With the announcement of our exciting new partnership with the National Cancer Research Institute, our President, Professor Arne Akbar, discusses the history of research in the cancer immunology sphere and how we hope our new collaboration will fuel innovative approaches to treating these diseases.
Immunology has flourished in recent years, with new discoveries of its intricate and elegant workings that allows us to understand its extensive reach into many areas of health and disease. This new appreciation of how our immune systems work to promote health and the varied consequences when this process goes awry places immunology at the centre of research into many disease areas.
One of the most prominent of these is cancer. The first suggestion that the immune system might play a role in treating cancer came as early as 1891 when the surgeon, William Coley, treated a patient who had a tumour on his tonsil by injecting it with bacteria and eliciting an immune response. The tumour began to break down and the patient lived for another eight years. More recently work led by Jim Allison and Tasuku Honjo on the PD-1 protein that acts as a ‘brake’ on immune cells has yielded exciting results. By blocking the action of PD-1, the immune system can be unleashed to attack tumours. Allison and Honjo won international recognition for this seminal work last year, sharing the Nobel Prize for Medicine in 2018.
Other areas of cancer immunotherapy have hailed significant successes including the use of Ipilimumab (anti-CTLA4) in conjunction with Pembrolizumab (anti-PD-1) to treat melanoma and the application of chimeric antigen receptor (CAR) T-cell therapy to treat certain types of leukaemia and lymphoma. However many trials that initially carried great hopes have identified unforeseen side-effects and some such as sarcoma, prostate or pancreatic cancer appear resistant to immunotherapy approaches. There is therefore a lot of work still to be done to optimize cancer immunotherapy.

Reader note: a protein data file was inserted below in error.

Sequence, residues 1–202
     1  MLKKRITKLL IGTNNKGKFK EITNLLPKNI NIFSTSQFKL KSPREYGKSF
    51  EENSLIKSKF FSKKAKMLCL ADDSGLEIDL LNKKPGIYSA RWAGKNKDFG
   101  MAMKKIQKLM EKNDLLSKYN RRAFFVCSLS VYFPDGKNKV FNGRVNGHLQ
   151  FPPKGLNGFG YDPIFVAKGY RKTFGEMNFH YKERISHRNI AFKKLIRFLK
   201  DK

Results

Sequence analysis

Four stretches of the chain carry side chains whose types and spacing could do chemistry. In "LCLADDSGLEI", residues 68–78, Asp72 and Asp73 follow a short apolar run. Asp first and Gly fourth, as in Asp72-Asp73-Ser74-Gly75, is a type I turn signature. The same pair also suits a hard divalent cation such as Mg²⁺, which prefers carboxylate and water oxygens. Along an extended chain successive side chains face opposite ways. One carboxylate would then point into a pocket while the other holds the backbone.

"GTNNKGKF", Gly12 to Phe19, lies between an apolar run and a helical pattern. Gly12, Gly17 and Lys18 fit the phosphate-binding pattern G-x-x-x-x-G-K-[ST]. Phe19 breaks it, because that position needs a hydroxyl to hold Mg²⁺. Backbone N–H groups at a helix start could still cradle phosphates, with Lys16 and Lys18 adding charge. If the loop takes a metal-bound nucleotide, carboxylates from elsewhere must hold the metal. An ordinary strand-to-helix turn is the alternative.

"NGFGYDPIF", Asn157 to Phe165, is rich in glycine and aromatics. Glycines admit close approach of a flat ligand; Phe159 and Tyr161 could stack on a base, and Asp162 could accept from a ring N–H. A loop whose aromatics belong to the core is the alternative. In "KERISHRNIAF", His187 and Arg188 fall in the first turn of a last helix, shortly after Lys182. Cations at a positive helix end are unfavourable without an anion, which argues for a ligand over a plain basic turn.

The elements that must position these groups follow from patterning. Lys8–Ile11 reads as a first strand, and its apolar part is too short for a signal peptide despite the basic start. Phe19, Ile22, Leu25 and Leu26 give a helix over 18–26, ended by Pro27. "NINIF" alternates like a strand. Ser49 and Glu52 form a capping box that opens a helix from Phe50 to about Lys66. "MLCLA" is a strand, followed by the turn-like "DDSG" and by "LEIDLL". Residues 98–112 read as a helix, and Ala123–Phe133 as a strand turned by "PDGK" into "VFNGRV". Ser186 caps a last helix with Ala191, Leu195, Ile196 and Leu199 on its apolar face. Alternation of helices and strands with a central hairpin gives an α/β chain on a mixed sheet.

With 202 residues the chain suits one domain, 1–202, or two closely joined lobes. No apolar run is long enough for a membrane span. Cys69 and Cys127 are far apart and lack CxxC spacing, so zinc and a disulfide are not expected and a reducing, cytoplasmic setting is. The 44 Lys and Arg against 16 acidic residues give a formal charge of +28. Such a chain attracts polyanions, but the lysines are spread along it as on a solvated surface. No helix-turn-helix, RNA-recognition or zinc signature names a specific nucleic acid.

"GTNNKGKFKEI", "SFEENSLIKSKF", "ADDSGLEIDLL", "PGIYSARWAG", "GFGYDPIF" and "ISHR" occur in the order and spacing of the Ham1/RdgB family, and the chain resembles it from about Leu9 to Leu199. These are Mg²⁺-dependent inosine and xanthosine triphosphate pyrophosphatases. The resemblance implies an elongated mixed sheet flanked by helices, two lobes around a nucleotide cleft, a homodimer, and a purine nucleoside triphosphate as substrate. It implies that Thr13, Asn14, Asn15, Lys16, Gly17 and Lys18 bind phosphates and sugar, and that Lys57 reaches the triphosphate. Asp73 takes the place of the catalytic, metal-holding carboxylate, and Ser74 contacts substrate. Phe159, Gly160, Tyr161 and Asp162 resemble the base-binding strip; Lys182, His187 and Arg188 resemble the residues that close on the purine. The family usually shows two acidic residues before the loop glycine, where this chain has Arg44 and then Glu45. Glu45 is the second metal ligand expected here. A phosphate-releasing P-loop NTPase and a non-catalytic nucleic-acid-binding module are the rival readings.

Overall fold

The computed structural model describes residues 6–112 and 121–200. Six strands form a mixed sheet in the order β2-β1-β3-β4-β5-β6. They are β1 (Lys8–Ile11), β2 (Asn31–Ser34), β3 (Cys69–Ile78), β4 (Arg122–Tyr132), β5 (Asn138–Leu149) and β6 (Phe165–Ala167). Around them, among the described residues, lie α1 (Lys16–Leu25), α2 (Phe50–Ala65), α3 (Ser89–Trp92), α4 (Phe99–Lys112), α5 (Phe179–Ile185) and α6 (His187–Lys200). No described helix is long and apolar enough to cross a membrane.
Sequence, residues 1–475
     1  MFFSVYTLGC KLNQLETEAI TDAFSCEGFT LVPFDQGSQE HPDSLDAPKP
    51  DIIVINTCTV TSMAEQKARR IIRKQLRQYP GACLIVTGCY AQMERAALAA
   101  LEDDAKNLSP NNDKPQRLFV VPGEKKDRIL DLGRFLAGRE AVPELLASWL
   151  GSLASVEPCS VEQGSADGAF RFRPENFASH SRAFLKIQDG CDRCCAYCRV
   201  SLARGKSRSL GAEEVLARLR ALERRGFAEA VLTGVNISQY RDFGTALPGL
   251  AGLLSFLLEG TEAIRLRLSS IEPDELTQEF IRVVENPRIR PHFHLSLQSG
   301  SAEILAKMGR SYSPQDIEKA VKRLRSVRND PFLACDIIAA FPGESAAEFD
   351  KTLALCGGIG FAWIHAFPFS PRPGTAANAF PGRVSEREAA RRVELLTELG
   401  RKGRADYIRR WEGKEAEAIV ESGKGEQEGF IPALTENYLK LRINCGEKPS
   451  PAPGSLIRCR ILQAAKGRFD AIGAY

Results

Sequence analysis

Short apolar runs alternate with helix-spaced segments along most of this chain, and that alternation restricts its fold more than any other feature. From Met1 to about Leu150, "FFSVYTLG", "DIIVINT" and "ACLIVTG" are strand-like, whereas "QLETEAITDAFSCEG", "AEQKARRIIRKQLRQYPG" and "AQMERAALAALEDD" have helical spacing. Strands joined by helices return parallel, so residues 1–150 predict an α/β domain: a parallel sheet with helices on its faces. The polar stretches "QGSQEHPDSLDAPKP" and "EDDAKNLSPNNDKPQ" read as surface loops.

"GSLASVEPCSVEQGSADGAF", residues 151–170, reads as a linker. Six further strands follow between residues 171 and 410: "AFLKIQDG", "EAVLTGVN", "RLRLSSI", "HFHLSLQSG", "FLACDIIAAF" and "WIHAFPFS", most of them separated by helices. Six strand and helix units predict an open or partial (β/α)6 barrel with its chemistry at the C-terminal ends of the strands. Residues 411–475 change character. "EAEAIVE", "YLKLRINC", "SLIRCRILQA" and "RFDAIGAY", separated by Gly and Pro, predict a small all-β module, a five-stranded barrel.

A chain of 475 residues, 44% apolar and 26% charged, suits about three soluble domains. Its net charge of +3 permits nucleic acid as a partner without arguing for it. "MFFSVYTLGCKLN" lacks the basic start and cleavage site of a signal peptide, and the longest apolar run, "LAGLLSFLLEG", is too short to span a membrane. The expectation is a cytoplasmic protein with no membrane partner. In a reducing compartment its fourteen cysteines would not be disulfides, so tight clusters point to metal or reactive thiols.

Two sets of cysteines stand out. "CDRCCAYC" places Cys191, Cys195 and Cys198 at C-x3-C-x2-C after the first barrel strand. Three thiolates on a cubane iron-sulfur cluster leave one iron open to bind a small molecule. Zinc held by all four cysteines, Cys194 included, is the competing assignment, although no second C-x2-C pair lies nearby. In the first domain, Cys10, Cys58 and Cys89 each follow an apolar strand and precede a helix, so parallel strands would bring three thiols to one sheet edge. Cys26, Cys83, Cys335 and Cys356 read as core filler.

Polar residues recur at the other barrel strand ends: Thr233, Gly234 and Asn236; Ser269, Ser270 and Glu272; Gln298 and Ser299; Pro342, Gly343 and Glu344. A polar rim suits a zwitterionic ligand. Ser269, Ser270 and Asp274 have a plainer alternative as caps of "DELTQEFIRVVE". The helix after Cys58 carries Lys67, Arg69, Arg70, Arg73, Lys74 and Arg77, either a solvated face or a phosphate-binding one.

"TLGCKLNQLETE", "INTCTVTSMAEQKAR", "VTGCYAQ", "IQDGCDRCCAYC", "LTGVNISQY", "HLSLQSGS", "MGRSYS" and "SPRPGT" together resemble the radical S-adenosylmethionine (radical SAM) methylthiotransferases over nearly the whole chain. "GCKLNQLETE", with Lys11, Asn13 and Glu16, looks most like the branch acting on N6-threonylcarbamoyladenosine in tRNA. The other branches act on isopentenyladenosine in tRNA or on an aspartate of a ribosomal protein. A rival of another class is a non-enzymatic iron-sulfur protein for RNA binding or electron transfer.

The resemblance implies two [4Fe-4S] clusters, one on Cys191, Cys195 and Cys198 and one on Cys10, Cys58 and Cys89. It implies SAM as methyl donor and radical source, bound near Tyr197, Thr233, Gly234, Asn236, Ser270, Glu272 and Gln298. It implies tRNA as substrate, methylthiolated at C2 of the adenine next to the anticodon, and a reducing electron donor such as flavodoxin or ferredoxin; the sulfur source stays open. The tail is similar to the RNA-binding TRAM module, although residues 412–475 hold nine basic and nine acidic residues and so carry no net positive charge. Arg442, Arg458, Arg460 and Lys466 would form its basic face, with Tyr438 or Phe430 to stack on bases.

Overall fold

A central ambition of the British Society for Immunology is to create the appropriate environment to promote the interaction between researchers and clinicians in this field to facilitate translational research activity. With this in mind, another strategic goal is to interface our activities with the pharma and biotech sector. This will ensure that the UK has the right environment in terms of infrastructure, investment and skills to allow research into cancer immunology to thrive.
We are therefore delighted to announce our new partnership with the National Cancer Research Institute (NCRI) to bring the immunology research community and cancer scientists and clinicians closer together. Working together, we aim to facilitate dialogue between the two groups to drive new collaborations that address challenges in immune-oncology and advance understanding of the complex interactions between cancer and the immune system. Establishing these links to speed up discovery in the clinical research space will enable fresh thinking to refine approaches to how the immune system can be harnessed to target individual cancers. Knowledge sharing will be a key part of the initiative, allowing researchers and clinicians from both communities to keep up to date with the latest data.
With over 350,000 new cases of cancer diagnosed in the UK each year, it is imperative to move quickly to translate our endeavours into life-saving outcomes. Both we and our colleagues at the NCRI are committed to working together to achieve these aims through this initiative.
President, British Society for Immunology
You can read the official announcement of this partnership in the news section of our website.